Today we know, and in Italy we see more and more, that if a people is not able to ensure that its funds are used in productive ways, it remains poor, even if its citizens are sitting on top of gold mines. The annual flow of new wealth is also a creation of the physiocrats: it serves to tell us how rich a national community is. So before doing away with GDP, let us treasure this value in its DNA: a person, a community, a region remains economically poor if it is not in the (institutional, cultural and political) conditions to transform its capital into income. But when a country - despite the capital - can no longer produce revenue, the income kills the profit, and societies start to decline. Other indicators or more sophisticated economic indicators are very useful in these cases, but let's not forget that without a flow indicator, we cannot measure our ability to value our capitals, to see if we are enhancing or depleting them over time.

For this reason, I believe that a major task in terms of more sophisticated measurements of the economic and social development of a country would be not to rely on GDP only but to consider some additional, but equally trusted and relevant indicators that year after year are capable of grasping the state of health of our capitals, especially that of our social, environmental, cultural, relational and spiritual capital. Despite the important lesson of the Physiocrats, it is still true that revenue (flow) is born by capital (stock), and if capital deteriorates or expires, revenue decreases and eventually disappears.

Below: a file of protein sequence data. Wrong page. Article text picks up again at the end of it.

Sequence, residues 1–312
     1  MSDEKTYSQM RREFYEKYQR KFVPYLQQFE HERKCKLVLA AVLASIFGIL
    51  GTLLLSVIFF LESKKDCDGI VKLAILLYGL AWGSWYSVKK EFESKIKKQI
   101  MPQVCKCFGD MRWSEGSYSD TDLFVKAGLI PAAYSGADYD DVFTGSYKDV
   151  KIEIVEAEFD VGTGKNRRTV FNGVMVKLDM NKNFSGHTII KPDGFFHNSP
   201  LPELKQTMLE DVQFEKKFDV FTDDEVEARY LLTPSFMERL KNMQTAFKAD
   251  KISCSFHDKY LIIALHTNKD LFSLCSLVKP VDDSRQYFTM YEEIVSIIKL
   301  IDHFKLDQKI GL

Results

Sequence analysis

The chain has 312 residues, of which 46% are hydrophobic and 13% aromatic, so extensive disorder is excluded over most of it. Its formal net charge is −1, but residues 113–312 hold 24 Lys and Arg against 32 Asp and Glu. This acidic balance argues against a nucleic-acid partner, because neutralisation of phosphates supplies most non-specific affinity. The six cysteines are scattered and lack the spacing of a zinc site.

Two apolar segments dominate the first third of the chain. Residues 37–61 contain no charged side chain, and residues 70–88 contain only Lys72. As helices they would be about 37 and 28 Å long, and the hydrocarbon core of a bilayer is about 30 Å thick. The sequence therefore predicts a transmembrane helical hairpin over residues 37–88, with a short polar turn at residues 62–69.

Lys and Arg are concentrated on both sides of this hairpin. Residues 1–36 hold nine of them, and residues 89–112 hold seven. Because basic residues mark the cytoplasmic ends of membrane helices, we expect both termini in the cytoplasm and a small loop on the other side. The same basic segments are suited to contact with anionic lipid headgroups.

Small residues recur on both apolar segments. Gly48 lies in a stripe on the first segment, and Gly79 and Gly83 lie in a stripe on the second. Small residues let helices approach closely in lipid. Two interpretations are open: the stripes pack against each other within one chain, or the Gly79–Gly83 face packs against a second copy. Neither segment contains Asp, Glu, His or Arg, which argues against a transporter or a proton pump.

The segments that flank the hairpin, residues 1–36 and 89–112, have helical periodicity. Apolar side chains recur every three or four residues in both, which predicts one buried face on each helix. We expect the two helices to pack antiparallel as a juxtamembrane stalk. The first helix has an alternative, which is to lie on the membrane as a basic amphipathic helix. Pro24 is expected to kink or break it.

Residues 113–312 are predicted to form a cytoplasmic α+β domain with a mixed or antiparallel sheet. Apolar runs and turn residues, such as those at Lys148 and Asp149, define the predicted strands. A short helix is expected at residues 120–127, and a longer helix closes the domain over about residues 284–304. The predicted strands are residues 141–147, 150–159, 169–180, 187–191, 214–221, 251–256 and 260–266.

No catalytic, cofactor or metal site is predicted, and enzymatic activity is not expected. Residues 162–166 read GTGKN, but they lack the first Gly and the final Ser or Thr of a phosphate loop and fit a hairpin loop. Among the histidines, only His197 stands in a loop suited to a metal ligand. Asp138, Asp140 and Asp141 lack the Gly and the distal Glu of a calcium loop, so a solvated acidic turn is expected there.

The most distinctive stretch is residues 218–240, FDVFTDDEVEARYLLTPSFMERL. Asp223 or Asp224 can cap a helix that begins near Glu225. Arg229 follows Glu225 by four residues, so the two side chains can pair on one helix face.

In the era of the common goods that we dramatically entered with the third millennium, stocks are expected to return to occupy centre stage in the economic, social and political world. The environmental issue, but also the relational and social (migration, social inclusion, terrorism...) ones, and other topics that have become central again in the era of the common goods, are all matters of stock, because they are linked to forms of capital, whether present or absent - we now know from many studies how much intolerance and racism are connected to the lack of cultural and artistic 'capital' in people. But there's more. Excessive emphasis on creating flows, including large financial flows that dominate by far among the flows of goods and real services, is producing many serious effects on the stocks of our economies and our planet. We must learn how to properly measure our assets, which, like non-renewable energy, are undergoing severe impoverishment precisely because of the great invasion of income flows (measured by GDP).

Finally, at the root of any development of new measurements, there is a more general cultural and political question that involves the business world directly. As long as the only indicators for the success of companies (especially large ones) are the profits achieved and the indicators consulted are purely economic, and as long as the "social reports" are glossy publications handed over to the stakeholders during corporate parties, without the 'social' data having any relevance in making important choices (the reconfirming or new appointment of managers, members of the board etc.), it will be impossible for our society to value other indicators apart from GDP.